There, he gained first-hand experience, handling legal wrangles between creditors and debtors.

In one instance, he was asked to handle a case involving a creditor who sued a debtor over a loan. The two sides had given conflicting debt amounts. The debtor said he borrowed only 10,000 baht, while the creditor said he was owed 50,000 baht, Mr Sittra said.

"After verification, I found the creditor, who was our client, had the debtor sign a loan contract that did not specify the amount," Mr Sittra said. "I thought this was not right. I felt we were only used as a tool so I quit the law firm and started my own."

After setting up his law firm, he said he wanted to spend his days off on Saturdays and Sundays working for the good of society.

"I launched a project to provide free legal advice to people at a local temple in Samut Sakhon's Krathum Baen district and other communities," he said. "Another project was introduced to provide legal knowledge to students at schools and universities."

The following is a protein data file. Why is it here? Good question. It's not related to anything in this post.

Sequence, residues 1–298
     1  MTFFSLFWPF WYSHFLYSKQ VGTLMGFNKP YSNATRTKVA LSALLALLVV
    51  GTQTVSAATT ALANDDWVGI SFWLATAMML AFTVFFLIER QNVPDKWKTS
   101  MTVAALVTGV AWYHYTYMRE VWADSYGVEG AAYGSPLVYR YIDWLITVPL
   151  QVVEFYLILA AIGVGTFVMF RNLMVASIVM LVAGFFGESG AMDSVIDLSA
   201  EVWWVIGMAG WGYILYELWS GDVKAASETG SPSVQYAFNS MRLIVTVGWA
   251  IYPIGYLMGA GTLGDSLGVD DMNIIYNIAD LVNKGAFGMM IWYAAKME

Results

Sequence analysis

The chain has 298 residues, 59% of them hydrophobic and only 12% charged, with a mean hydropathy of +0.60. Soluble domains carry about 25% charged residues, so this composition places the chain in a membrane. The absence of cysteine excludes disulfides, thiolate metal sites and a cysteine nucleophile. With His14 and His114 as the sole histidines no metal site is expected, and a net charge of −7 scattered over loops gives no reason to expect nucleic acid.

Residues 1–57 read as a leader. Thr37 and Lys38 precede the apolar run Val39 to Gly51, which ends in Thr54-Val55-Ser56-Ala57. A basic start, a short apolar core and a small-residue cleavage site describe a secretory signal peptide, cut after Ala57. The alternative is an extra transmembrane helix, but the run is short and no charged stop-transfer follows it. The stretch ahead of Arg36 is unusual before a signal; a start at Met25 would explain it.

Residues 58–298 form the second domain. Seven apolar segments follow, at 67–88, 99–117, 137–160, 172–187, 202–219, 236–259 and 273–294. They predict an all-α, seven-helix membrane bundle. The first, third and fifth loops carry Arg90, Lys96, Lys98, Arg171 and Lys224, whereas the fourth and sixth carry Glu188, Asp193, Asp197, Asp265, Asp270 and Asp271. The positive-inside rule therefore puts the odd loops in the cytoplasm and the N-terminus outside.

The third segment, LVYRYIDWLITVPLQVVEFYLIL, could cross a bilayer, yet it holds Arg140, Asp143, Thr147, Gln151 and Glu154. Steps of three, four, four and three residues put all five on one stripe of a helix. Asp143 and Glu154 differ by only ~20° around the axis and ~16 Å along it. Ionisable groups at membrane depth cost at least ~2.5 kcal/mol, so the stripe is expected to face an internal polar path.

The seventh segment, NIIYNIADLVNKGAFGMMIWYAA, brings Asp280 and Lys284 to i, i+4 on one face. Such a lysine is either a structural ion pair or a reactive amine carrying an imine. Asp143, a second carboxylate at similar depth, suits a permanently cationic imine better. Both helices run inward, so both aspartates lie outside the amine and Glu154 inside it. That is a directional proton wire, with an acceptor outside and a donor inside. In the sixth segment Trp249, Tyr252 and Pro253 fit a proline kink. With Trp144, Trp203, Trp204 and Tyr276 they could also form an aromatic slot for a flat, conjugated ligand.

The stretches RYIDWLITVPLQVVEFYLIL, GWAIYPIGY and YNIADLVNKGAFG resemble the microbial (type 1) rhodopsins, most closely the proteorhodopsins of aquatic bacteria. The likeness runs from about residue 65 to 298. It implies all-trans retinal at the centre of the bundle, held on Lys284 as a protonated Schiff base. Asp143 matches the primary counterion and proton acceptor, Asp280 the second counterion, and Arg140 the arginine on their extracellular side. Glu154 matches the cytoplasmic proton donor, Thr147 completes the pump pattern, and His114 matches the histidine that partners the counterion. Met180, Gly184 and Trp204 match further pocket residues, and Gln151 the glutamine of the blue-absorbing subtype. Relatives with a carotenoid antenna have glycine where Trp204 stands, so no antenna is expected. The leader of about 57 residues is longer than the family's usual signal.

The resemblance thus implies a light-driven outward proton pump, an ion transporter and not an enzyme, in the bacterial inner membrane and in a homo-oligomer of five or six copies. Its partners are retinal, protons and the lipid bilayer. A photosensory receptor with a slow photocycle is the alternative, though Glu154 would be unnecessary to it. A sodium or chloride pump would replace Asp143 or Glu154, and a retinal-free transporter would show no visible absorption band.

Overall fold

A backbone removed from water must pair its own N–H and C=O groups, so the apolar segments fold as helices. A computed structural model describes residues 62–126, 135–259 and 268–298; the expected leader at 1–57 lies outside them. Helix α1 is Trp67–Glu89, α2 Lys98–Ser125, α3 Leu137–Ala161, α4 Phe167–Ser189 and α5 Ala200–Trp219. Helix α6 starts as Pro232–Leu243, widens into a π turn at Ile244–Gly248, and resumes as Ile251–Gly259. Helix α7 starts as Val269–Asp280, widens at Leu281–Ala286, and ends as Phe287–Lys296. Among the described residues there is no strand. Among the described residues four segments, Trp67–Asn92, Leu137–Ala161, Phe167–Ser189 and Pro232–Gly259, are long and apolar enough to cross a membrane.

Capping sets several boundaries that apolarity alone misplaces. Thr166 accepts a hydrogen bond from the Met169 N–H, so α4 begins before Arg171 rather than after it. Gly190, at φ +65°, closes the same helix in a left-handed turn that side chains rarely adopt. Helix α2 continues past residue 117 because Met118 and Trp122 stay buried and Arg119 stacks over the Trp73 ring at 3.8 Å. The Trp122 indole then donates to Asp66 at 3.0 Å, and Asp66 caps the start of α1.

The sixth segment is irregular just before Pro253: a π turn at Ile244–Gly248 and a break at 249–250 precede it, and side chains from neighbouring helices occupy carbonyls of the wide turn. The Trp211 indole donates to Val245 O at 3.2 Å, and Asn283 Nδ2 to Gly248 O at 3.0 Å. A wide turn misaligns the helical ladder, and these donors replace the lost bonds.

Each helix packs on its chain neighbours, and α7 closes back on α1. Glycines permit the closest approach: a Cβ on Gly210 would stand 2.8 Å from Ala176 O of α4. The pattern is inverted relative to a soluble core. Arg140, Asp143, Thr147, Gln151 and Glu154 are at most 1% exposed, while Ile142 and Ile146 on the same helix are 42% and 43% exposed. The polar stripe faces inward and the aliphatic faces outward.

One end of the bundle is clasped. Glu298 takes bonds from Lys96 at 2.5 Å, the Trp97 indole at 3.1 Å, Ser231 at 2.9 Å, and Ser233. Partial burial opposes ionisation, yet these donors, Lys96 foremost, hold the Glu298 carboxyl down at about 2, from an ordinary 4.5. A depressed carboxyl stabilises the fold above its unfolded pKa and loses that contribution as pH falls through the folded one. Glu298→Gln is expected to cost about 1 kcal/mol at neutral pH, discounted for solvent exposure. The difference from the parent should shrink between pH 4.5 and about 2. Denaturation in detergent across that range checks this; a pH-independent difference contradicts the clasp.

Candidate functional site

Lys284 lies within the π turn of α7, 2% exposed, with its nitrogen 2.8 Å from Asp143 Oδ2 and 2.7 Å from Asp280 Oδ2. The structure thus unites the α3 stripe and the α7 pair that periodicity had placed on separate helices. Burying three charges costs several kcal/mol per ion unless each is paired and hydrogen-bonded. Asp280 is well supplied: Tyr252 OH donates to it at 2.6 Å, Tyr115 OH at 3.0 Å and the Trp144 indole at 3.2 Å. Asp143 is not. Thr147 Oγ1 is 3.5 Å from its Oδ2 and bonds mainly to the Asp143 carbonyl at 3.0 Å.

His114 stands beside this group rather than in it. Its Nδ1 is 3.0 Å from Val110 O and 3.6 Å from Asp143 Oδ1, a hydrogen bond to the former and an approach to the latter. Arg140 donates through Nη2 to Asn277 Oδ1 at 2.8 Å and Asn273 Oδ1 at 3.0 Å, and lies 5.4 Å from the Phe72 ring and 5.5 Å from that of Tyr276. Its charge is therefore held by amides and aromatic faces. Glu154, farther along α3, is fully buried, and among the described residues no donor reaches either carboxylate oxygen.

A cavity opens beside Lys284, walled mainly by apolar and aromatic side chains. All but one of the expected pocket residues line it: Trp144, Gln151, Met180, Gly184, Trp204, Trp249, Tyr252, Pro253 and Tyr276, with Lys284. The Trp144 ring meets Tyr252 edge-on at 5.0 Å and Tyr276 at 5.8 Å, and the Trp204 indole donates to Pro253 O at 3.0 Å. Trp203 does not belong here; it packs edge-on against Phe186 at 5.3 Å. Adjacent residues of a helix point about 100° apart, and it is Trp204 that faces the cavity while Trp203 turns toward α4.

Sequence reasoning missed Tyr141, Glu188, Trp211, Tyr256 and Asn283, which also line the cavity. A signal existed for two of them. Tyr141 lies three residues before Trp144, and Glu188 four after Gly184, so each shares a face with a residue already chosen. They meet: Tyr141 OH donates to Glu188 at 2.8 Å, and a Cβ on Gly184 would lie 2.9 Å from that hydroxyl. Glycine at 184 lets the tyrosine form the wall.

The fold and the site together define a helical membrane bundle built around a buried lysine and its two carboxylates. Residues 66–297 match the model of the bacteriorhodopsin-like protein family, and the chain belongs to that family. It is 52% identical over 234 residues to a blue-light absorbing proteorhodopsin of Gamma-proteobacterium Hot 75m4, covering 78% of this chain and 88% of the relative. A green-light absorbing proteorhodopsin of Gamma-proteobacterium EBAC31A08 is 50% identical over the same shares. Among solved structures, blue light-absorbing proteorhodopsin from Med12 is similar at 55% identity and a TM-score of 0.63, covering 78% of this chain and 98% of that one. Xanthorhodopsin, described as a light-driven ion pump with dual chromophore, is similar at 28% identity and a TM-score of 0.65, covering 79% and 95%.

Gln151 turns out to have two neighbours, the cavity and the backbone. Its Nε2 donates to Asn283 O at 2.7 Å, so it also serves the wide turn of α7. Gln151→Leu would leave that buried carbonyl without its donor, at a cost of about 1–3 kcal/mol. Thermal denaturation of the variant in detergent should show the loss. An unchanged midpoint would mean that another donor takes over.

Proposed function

His initiatives were noticed by then justice minister Paiboon Khumchaya, who invited the team to work with the ministry to introduce similar legal counselling projects in three southern border provinces.

Mr Sittra shot to fame as a lawyer when he represented a client who was involved in the disputed ownership of five winning lottery tickets worth a combined 30 million baht.

The case, which drew significant public attention at the time, was fraught with twists and turns.

In 2017, a school teacher and a retired police officer in Kanchanaburi both claimed to have bought the winning set of five lottery tickets.

Preecha Kraikruan, a teacher in Muang district, claimed he won the first prize but the tickets were missing. He later filed a police complaint about the disappearance of the tickets.

Meanwhile, Pol Lt Jaroon Wimol, a retired police officer, was later found to have claimed the winning prize from the Government Lottery Office.

Each man insisted they were the one who bought the winning tickets.

During the case, Mr Sittra represented Pol Lt Jaroon, who won the court battle against Mr Preecha on June 4, 2019, when the Kanchanaburi Court declared him the rightful owner of the winning tickets.